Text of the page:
Travelogue 7-8/12, July + August thoughts

Yes, I’m terribly late, but I was on vacations. Which means I’ve started spending a lot of time on a crazy cyberpunk adventure game project instead of getting some rest like human beings are supposed to do. I’m having a lot of fun working on it, but this is not the place to discuss it, so if you’re interested, follow me on Twitter.



That’s why this travelogue issue covers two months. Both were, download-wise, a disappointment. The reasons are unclear, though very probably due to a change in Itch’s discovery algorithm. Downloads have suddenly, drastically decreased. Let’s do the maths. 21,270 at the beginning of July, vs. 23000 downloads at the end. And 24,290 on the 1st of September. That’s not even 2000 downloads for July, while June had more than 5000 downloads. 56 players on average per day instead of more than 150. And it’s even worse in August, with about 42 daily downloads. What the hell happened?

Summer, of course, and vacations. Tedium, possibly. However, that doesn’t explain such a sudden drop. Most of the traffic was coming from, bringing around 70 to 100 visitors a month. But in July, I’ve had only 10 visits. It seems like my game has been pushed waaaaaaay down the page, which is quite unfortunate. My guess is, all kinds of game downloads were counted as “equal”, but a distinction has now been made between newly uploaded games downloaded for the first time and updated games which are downloaded regularly. New releases obviously seem to have more weight than updates. Does that make sense? Probably. Will it encourage frequent updates for existing games? Definitely not.

I’m pretty sure this was done for good reasons, i.e. preventing developers from abusing the system with very minor updates to stay higher in the list. Don’t get me wrong, technically, it’s what I’ve been doing since the beginning of this project. Except I have no idea how the algorithm work, nor ever intended to exploit it at all. And my daily updates aren’t fake or minor: they stand as the very core of the game.


Five weeks on the Road to Awe.

What bugs me here is how dependent developers are, one more time, of any distribution platform’s obscure decisions. I don’t think Itch is better than Steam at this. We know absolutely nothing about their ranking algorithms. Not to mention games featured on the home page are curated manually. If you’re best pal with the Itch team, (or if you happen to be Double Fine), good for you. If you’re not, well, you’re no one. In a system actually built for indie developers, shouldn’t ranking algorithms be publicly explained, or even open-sourced, and refined by the community to avoid exploits?

Itch doesn’t owe me anything. They’re a wonderful indie publishing platform for indie and hobbyist developers, and I love the unique service they provide. This project would simply not exist without Itch’s Refinery: it was built around it. But in the end, the rules that define how games are displayed or not on certain pages is as opaque as Steam’s system. I have no power at all over my game’s visibility, and that pains me. Oh sure, there’s that thing called “marketing” which takes roughly half of a game’s budget when done seriously. But I’m doing this as a creative hobby, remember? I don’t have the time nor the energy to promote my work in a professional way.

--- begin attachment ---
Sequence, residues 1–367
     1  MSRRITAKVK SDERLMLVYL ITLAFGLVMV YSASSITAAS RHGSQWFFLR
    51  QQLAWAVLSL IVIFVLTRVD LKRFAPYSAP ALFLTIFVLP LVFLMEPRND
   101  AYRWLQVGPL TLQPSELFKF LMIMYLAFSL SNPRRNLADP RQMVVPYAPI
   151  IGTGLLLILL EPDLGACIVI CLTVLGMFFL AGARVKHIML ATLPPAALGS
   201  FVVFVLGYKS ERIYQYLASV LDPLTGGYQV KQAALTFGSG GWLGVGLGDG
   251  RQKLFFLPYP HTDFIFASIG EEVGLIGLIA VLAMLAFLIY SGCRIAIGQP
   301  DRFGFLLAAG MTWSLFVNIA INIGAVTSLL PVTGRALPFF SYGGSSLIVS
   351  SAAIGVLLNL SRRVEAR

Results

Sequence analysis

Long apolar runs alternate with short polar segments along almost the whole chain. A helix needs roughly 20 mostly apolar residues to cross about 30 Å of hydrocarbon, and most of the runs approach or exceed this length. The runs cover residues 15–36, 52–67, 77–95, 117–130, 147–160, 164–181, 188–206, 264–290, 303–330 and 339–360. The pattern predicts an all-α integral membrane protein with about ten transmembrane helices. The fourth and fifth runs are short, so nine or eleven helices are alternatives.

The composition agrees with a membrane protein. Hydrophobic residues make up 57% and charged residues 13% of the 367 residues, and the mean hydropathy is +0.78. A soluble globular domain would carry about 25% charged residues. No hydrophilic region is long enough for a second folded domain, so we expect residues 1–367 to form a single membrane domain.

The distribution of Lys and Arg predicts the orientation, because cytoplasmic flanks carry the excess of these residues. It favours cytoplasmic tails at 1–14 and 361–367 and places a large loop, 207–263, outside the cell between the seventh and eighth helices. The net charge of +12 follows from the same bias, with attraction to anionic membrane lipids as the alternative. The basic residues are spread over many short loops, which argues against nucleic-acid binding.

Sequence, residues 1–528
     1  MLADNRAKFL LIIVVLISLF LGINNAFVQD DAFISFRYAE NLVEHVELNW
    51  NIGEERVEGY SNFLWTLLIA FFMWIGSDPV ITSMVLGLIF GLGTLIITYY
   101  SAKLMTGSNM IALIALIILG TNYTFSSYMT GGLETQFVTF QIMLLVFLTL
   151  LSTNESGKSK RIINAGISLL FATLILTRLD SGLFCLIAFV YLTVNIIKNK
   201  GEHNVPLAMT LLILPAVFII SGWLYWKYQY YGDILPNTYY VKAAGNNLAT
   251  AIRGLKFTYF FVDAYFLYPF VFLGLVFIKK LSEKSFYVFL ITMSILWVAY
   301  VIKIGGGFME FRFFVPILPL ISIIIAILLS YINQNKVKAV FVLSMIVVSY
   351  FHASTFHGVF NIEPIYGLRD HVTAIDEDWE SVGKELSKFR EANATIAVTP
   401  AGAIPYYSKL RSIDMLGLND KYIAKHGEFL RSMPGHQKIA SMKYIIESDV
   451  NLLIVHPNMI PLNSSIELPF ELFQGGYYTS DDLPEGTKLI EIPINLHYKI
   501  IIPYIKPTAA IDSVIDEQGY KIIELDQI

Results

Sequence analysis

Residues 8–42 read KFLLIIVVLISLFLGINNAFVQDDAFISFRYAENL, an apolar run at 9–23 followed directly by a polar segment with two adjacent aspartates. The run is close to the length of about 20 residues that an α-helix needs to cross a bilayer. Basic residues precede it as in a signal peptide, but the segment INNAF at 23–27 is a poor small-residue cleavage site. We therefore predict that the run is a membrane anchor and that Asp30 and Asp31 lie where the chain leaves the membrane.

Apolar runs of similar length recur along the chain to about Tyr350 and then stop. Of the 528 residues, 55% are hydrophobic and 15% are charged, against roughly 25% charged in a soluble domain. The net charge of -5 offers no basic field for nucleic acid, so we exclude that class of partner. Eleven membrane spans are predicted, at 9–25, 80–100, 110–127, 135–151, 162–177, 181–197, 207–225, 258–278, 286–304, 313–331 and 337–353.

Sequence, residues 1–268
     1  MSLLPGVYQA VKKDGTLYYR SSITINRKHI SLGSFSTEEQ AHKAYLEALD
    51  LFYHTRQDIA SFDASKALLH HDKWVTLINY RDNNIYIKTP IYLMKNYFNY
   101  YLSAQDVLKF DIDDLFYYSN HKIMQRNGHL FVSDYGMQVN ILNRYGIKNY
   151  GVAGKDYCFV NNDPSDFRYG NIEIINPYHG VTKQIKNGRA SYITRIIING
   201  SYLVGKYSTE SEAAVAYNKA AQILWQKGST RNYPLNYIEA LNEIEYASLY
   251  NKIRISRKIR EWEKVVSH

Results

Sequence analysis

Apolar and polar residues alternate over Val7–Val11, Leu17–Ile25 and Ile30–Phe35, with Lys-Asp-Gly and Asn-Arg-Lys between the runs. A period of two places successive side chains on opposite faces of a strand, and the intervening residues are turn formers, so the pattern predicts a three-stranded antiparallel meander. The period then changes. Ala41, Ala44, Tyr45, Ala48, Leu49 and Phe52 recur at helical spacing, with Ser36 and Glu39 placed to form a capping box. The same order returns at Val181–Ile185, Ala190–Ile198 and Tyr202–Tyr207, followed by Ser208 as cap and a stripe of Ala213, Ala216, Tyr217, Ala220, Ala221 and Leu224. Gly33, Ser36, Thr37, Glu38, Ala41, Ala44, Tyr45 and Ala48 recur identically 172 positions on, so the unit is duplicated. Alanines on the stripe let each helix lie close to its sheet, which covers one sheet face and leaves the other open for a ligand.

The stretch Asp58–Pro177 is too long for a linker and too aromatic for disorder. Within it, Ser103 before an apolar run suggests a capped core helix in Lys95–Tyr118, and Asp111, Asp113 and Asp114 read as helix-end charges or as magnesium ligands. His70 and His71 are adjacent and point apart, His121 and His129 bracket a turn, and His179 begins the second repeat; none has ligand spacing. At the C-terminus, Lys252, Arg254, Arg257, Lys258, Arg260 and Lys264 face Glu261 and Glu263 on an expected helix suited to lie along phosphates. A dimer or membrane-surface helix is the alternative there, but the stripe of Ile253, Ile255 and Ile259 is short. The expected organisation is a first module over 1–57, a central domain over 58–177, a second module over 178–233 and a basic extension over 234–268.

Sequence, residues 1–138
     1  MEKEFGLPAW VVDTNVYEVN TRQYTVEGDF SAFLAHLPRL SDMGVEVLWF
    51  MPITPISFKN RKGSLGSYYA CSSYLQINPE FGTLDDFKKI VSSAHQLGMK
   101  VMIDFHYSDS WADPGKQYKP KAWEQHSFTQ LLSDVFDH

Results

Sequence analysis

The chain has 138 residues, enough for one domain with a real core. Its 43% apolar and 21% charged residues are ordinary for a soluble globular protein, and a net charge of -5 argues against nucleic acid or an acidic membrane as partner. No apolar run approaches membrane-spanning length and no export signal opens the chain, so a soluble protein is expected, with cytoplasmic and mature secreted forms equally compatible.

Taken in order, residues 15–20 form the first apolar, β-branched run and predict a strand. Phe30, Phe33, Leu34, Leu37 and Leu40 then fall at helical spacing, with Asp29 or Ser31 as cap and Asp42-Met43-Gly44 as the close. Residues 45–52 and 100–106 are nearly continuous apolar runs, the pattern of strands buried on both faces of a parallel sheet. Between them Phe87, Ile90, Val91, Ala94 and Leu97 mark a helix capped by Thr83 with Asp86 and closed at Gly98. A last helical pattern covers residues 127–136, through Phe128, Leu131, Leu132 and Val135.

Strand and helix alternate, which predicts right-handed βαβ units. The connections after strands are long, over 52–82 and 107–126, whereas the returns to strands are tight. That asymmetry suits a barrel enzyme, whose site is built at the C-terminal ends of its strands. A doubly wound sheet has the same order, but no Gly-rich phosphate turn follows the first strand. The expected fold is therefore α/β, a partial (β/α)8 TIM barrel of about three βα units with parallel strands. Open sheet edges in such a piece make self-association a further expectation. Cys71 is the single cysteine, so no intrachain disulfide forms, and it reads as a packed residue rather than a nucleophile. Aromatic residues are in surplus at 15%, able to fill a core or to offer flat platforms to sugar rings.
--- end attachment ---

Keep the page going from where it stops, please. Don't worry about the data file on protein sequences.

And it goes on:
Five other weeks on the Road to Awe.

And now for the plus side…

This changes nothing to fact some people enjoyed the game enough to send me a few bucks. This is, in my opinion, and for my ego, a major accomplishment.

YouTuber Petjeh continues to make his monthly recap with A Road to Awe! I’m still amazed my game can be experienced as an almost passive, ambient medium. This “non-game” approach is definitely one of the most interesting highlights of this project. Watch it here. (for some reason, this doesn’t seem to be embeddable).

The awesome Justin Arnold has added game controller support for RPG in a Box, which means you can now use a Xbox compatible controller (and possibly other controllers as well) to play A Road to Awe. As I mentioned in this dev log, using a game controller offers a new way to experience the game.

He also enhanced how stairs collisions are handled. You can now follow precisely the slope’s shape, or smooth it with a linear or curved style (not to mention you can assign a different tile for the collision to tweak things even more precisely). Maybe you were used to that shaky ride when climbing up or down by now… But the player’s movement will now follow a linear path, meaning oblique trajectories are now as smooth as when walking on flat terrain.

Want to play the game for the first time or to experience a smooth gamepad ride? Try the link below!